Irresistible: Emotions affect choice of breed despite welfare issues

Knowing a breed of dog may have health problems does not stop people from wanting one, because emotions get in the way. 

This French Bulldog puppy is cute - but sadly the breed is prone to health problems
A French Bulldog. Photo: Patryk Kosmider/Shutterstock

By Zazie Todd, PhD

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A new Danish study by Peter S Sandøe (University of Copenhagen) et al investigates the reasons why people acquire particular small breeds of dog and how attached the owners feel to their pet. The research helps explain why some breeds are popular despite a high incidence of welfare problems. 

The study looked at people in Denmark with French Bulldogs, Chihuahuas, Cavalier King Charles Spaniels, and Cairn Terriers.

The results suggest that even knowing a dog of a particular breed is likely to have health problems may not stop people from getting one, because of their emotional response to the breed. 

Lead author, Peter Sandøe told me in an email,
“In all, this study prompts the conclusion that the apparent paradox of people who love their dogs continuing to acquire dogs from breeds with breed-related welfare problems may not be perceived as a paradox from the point of view of prospective owners of breeds such as Chihuahuas and French Bulldogs.  
Thus apparently available information about the problems in these two breeds has not served to prevent their growing popularity because fundamental emotional responses to the phenotypic attributes of these breeds are highly effective positive motivators.”
Some owners did not prioritize health when getting their dog. As well, for owners of CKCS and Chihuahuas, those whose dog had more health/behaviour problems had a stronger attachment to the dog.

French Bulldogs and Chihuahuas were chosen for the study because of their tendency to have problems related to their conformation (or appearance). Cavalier King Charles Spaniels were chosen because they also tend to have health problems, but not related to what they look like. Finally, Cairn Terriers were picked because they are relatively healthy, so they make a good contrast.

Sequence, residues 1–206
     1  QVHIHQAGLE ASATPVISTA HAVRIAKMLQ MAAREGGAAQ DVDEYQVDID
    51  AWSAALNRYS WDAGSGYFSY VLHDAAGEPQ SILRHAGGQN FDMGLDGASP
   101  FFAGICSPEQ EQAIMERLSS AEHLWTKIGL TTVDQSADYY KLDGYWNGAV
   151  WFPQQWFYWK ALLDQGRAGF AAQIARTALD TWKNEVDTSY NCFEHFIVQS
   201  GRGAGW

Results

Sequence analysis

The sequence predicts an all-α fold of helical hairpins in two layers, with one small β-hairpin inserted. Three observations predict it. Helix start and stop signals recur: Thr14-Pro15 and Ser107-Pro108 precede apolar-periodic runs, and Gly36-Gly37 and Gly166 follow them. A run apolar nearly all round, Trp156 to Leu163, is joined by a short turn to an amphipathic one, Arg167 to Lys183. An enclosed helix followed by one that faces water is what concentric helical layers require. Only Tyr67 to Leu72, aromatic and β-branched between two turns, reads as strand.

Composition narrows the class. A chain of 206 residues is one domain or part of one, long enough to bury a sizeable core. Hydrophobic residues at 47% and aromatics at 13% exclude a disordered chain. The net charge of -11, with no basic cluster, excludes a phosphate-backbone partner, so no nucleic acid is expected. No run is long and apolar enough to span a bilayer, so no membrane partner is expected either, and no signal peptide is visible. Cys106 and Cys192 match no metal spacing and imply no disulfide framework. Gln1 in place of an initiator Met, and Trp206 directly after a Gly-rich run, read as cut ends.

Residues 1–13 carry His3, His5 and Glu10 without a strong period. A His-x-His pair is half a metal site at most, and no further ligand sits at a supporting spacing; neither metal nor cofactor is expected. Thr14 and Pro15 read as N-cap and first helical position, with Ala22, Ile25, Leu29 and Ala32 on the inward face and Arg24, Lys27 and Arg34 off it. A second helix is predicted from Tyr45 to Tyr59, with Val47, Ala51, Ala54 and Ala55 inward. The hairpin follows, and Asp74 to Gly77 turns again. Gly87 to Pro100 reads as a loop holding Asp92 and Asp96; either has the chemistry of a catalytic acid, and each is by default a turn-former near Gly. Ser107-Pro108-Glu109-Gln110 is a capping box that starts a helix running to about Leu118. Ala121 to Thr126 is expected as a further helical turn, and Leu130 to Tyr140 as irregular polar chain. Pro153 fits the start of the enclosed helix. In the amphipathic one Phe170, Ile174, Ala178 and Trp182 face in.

There were differences in how people acquired the breeds. People with Chihuahuas were most likely to say there “wasn’t really any planning”, and they were also less likely than CKCS owners and French Bulldog owners to have put time into learning about dogs from books or dog professionals before getting it. Cairn Terrier owners were also less likely to have learned in this way, and more likely to rely on prior experience with the breed.

People were most likely to get Cairn Terriers and CKCS as puppies from breeders. (In Denmark most dogs come from small breeders with between 2 and 4 breeding bitches). Although breeders were still the most common source of Chihuahuas and French Bulldogs, these breeds had a greater tendency to be acquired from a previous owner (22% of Chihuahuas and 15% of French Bulldogs) or other sources. 

A cute Chihuahua puppy. Some people said there wasn't any planning when they got their Chihuahua, evidence that emotions play a role in getting a puppy
A Chihuahua. Photo: Joy Brown/Shutterstock.

The researchers found that the dog’s distinctive appearance, breed attributes and convenience were all motivations in getting a dog. Personality was also important.